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Yevgeny Nikitin is innocent, OK?

The Metropolitan  Opera fixed up an awkward interview for the New York Times with the Russian bass-baritone Yevgeny Nikitin, who was hounded out of Bayreuth over an alleged swastika tattoo. Nikitin, who speaks excellent English, insisted on speaking Russian. The Times was obliged to rely on a translator supplied by the Met, not the best practice.

In the conversation, the singer, who is due to appear in the Met’s Parsifal next February, insisted he had designed the tattoo himself and it was not intended to be a swastika; it just came out that way. The matter was distorted by the German media and by the terror of Bayreuth’s rulers to be associated with anything resembling a Nazi emblem – not that this has ever bothered them before (see below).

Peter Gelb, the Met’s general manager said that he had no problem bringing Nikitin to the Met. ‘If he was a Nazi and promoting Nazism, of course we’d have a problem,’ said Gelb. ‘From what I understand, and I spoke to him, he’s guilty of being naïve and ignorant. That doesn’t disqualify you from singing on the stage of the Met.’

Gelb, for once, is both courageous and right.

We have been talking to friends of Nikitin and they tell a very different back story. Raised in the Arctic north, Nikitin suffered severe depressions while growing up. He ran with a wild crowd, some of whom had odious political views. He plays drums in a hard rock band and was a fan of KISS, the last two letters of which he had tattooed on his body. Some have mistaken these as the SS sign.

By the time he went to the conservatory in St Petersburg, he was a heroin addict. Valery Gergiev plucked him physically from the gutter and took him into the Mariinsky Theatre, ordering him to get clean. Nikitin came off drugs by sheer willpower, without alternative substances or rehab. The power of music, he told friends, is what got him through. He credits Gergiev with saving his life and giving him an international career. At 38, he is a powerful singer, popular with many colleagues.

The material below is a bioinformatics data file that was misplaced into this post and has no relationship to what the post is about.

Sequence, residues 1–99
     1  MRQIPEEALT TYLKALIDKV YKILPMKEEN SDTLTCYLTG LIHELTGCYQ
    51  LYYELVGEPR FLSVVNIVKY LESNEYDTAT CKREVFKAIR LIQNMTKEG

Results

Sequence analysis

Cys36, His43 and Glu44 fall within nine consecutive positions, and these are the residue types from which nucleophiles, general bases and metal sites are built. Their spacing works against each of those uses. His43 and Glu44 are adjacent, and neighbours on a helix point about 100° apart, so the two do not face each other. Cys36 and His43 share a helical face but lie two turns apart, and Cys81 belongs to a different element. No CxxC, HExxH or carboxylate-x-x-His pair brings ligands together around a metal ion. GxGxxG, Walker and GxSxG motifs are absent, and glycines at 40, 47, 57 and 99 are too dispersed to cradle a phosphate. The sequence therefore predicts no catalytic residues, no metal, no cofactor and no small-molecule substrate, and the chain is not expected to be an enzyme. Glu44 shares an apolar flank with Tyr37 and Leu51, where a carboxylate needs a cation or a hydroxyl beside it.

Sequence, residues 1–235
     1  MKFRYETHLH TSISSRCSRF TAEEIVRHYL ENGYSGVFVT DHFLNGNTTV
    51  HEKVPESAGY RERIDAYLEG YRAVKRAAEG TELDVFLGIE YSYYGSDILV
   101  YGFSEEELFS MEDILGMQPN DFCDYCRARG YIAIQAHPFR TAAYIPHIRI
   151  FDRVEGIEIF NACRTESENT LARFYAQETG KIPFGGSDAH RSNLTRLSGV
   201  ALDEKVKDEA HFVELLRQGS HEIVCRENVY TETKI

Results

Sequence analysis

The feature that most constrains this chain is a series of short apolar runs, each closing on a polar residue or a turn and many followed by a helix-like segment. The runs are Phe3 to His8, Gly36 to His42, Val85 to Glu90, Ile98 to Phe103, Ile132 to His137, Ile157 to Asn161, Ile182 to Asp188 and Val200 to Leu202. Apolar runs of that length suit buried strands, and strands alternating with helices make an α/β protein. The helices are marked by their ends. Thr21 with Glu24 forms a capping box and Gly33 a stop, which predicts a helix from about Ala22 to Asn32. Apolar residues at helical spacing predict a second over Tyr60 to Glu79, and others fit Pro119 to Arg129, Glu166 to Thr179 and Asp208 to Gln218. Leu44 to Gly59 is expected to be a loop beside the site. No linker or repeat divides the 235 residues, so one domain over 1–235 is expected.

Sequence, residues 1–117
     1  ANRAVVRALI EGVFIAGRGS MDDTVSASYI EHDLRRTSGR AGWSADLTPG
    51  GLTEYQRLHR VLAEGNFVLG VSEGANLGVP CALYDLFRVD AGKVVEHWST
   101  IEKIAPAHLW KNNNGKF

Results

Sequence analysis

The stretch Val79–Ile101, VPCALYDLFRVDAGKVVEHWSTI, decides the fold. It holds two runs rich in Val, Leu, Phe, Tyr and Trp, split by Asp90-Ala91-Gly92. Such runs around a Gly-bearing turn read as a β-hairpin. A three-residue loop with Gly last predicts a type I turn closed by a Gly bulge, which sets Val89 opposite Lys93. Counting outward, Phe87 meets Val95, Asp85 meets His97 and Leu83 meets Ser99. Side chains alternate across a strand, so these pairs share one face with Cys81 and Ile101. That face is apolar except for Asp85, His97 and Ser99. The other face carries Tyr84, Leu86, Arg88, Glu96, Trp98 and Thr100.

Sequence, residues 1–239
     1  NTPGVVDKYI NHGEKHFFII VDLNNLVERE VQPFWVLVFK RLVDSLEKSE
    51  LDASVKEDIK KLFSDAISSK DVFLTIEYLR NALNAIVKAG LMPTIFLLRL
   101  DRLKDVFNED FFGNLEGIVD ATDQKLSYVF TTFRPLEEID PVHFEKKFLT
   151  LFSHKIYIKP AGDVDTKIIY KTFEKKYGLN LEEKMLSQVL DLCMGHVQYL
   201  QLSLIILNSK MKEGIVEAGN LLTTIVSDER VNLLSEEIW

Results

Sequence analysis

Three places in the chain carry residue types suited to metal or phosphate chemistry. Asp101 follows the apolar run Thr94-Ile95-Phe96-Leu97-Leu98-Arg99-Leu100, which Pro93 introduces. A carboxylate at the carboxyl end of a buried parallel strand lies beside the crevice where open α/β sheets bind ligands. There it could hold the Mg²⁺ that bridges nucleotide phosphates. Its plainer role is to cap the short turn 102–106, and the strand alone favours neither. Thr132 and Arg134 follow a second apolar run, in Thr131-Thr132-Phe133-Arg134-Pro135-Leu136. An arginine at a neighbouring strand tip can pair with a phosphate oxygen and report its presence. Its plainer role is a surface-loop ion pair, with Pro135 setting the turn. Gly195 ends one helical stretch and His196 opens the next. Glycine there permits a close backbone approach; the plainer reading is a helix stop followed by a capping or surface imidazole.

Bayreuth’s action in forcing him to leave, knowing that he was a vulnerable personality with a history of depression, becomes incomprehensible in the circumstances. If Nikitin was less resilient and had fewer friends, Bayreuth might have blood once again on his hands.

We promised you another story of swatikas at Bayreuth: here it is. Two years ago, in the course of a Lebrecht Interview, the French director Patrice Chereau talked openly about the unregenerate Nazis that he met at Bayreuth while directing the 1976 centenary Ring. In his cast was a bass-baritone who wore a swastika ring which he liked to get other people to kiss. The same swimmer had a swastika painted at the bottom of his swimming pool (I’m not sure if this story got into the final cut). Nazi emblems were common at Bayreuth 35 years ago. The Wagners have never come clean on their past. Their over-reaction to the Nikitin incident is questionable, to say the least.

You can download the Chereau interview here.



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  1. Gurnemanz says:

    Regardless of Nikitin’s personal background Bayreuth did overreact since everyone is allowed a folly of youth here and there and as long as Nikitin didn’t kill anyone and since he tried to get rid of the unsavoury tattoo. Speaking of KISS and it’s logo resembling the SS one, it’s ironic that the band’s leader Gene Simmons is Jewish and born in Israel to boot.

    As for Chereau’s story, I’m sorry but I find it highly implausible. If it’s true that Bayreuth was full of nazis as late as 1976 why did he get on with his work there not only that year but many years afterwards? Why did he not denounce the singer in question back then? Why didn’t he take it up with Wolfgang Wagner? The latter kicked his own mother out of Bayreuth the previous year because of her embarassing interview with Hans-Jurgen Syberberg, you think he’d have spared a second thought for some bass-baritone non-entity? So many elements in Chereau’s story just do not add up.

    • Chereau gave me the name of the singer. I have corroborated the story with others. It is verifiably true.

      • Gurnemanz says:

        Fair enough, Mr. Lebrecht, I’ll test my analitical skills by trying to deduce who it is. :-)

        But that still leaves the questions of why Chereau went on with the production regardless and why he waited until now to spill the beans unanswered. Frankly, the incident speaks more of Chereau then of Bayreuth and the singer in question.

      • Yes Addison says:

        I’ve heard those stories about the German singer in question. I thought the part about his swimming pool, at least, was common knowledge; it often comes up when he and/or Nazism-tainted musicians are mentioned. Should we not name him here? Besides singing in the early run of that centenary RING, he was a Karajan favorite on the stage and in the recording studio.